pthread_attr_t threadAttributes;       // Thread attributes
struct sched_param threadSchedParam;   // Scheduling parameters

// Initialize the thread attributes

// Set the scheduling priority and the policy to round robin
pthread_attr_setinheritsched(&threadAttributes, PTHREAD_EXPLICIT_SCHED);
pthread_attr_setschedpolicy(&threadAttributes, SCHED_RR);
threadSchedParam.sched_priority = mPriority;
pthread_attr_setschedparam(&threadAttributes, &threadSchedParam);

// Set a stack size and a guard space for stack overruns. In theory we
// shouldn't need the guard space because we won't overflow our stack
// right? ;-)   Also force stack to be fully allocated at thread creation
// time.
pthread_attr_setguardsize(&threadAttributes, 4096);
pthread_attr_setstacksize(&threadAttributes, 32678);
pthread_attr_setstacklazy(&threadAttributes, PTHREAD_STACK_NOTLAZY); 

// Create the thread
if (pthread_create(&mThreadId, &threadAttributes, mThreadMain, mArgs) != EOK)
	mLogger.format(LOG_ERROR, "Thread::Thread() - pthread_create failed with error %s\n", strerror(errno));
	mLogger.format(LOG_INFO, "Thread::Thread() - Thread %s created with id %d", mThreadName.c_str(), mThreadId);
	mAlive = true;


Thanks Tim. Yes we are working with QNX directly and have an NDA with them so that we can share with them. I’m just searching outside the box. yes we use pthread_create() and a wrapper around the OS. But what I’m really looking for is why would over 30 threads that have been running fine for months/yrs suddenly not show up in the most basic pidin listing?

I’m still a bit confused when you say the threads are not showing up in Pidin.

Are they in fact there (running in your application) and not showing in Pidin? Or are they actually missing in your application too?

If it’s the former, I’d wonder if the system ran out of some sort of resource (memory, file descriptors etc) that caused Pidin to not be able to report correctly. If it’s the latter, then somehow threads in your code are exiting in a manner you don’t expect and Pidin is working correctly.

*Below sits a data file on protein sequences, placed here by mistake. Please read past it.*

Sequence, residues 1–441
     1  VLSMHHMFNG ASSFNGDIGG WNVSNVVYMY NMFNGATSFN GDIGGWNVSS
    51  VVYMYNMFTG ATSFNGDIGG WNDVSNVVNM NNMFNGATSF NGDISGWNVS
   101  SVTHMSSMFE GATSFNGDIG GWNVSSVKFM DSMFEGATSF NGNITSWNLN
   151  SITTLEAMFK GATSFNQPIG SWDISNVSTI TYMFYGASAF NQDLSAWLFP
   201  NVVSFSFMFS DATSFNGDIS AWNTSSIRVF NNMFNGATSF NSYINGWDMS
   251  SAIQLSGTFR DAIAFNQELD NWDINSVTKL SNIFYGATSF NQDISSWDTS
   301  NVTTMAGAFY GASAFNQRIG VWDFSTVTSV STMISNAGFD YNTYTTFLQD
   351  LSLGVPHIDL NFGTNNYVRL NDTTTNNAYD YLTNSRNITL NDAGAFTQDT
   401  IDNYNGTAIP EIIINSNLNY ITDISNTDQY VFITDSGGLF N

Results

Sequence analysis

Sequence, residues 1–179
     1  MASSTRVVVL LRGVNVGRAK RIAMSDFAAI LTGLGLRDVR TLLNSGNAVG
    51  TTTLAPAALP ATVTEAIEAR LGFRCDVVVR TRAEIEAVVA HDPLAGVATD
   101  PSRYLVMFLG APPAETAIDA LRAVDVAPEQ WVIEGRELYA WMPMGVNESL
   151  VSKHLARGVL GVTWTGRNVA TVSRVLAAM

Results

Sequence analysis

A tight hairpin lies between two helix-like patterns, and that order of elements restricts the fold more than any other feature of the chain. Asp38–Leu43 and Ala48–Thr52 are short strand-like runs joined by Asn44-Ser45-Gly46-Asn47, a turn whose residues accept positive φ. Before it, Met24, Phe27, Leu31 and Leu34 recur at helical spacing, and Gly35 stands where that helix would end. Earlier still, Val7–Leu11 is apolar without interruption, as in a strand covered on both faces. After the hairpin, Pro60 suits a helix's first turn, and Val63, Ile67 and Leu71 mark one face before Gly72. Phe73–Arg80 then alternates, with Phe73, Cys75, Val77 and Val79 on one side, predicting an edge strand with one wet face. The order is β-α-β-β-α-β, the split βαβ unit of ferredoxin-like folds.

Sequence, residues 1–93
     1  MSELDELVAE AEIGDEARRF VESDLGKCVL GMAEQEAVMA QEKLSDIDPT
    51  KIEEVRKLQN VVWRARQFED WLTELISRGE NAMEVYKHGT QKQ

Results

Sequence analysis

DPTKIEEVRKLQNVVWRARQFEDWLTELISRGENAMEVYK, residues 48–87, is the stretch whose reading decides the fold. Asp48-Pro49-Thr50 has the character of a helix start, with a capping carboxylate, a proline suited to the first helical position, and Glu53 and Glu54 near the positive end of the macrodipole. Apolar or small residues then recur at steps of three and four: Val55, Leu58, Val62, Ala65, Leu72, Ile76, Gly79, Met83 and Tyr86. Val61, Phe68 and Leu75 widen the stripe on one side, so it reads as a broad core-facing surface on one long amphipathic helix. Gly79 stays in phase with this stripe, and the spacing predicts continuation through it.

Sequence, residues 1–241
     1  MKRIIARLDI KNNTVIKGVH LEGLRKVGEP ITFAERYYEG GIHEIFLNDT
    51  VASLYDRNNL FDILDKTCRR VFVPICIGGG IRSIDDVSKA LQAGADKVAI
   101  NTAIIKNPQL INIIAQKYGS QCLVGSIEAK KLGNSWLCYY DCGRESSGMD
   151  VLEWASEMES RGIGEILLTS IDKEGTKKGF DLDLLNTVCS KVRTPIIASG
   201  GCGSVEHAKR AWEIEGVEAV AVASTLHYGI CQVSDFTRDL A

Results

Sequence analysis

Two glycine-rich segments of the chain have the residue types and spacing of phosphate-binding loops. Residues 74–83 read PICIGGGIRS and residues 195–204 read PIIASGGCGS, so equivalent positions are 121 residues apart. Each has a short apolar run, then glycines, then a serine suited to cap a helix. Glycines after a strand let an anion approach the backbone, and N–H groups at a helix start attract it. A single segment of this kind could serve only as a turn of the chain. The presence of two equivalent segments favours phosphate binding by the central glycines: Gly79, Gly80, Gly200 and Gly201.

I was discussing this with Geoff Roberts and we came up with one more possibility, pidin could have a bug that shows up when a process has some large number of threads.   The numbers involved suggest that that limit might be 64.  It would be easy to test if this is the case or not.

I made a quick test with SDP 6.6.0. pidin shows all threads.
This is not SDP 6.5.0 (I do not have a target on hands) so this is not a really useful test. But at least, pidin works correctly on SDP 6.6.0.
Also, threads are not detached. Does it matter ?

#define NB_THREADS      270

void*               TestManyThreads_Thread(void* pParam);

void                TestManyThreads(void)
    uint32_t  Counter;
    pthread_t ThreadId[NB_THREADS];

    for(Counter = 0; Counter < NB_THREADS; Counter++)
        pthread_create(&ThreadId[Counter], NULL, &TestManyThreads_Thread, (void*)Counter);

    for(Counter = 0; Counter < NB_THREADS; Counter++)
        pthread_join(ThreadId[Counter], NULL);
        printf("Thread %d exited\n", Counter+1);

void*               TestManyThreads_Thread(void* pParam)
    uint32_t Param;
    char     ThreadName[32];

    Param = (uint32_t)pParam;

    snprintf(ThreadName, sizeof(ThreadName), "Thread_%02d", Param);
    pthread_setname_np(0, ThreadName);

    printf("Thread %d created\n", Param+1);

    return NULL;

I had to add includes and a main to compile and run.

I’m not in my office but I have a QNX 6.3.2 online so I tried it. Works fine. pidin worked fine. All threads visible.

So very unlikely a pidin problem.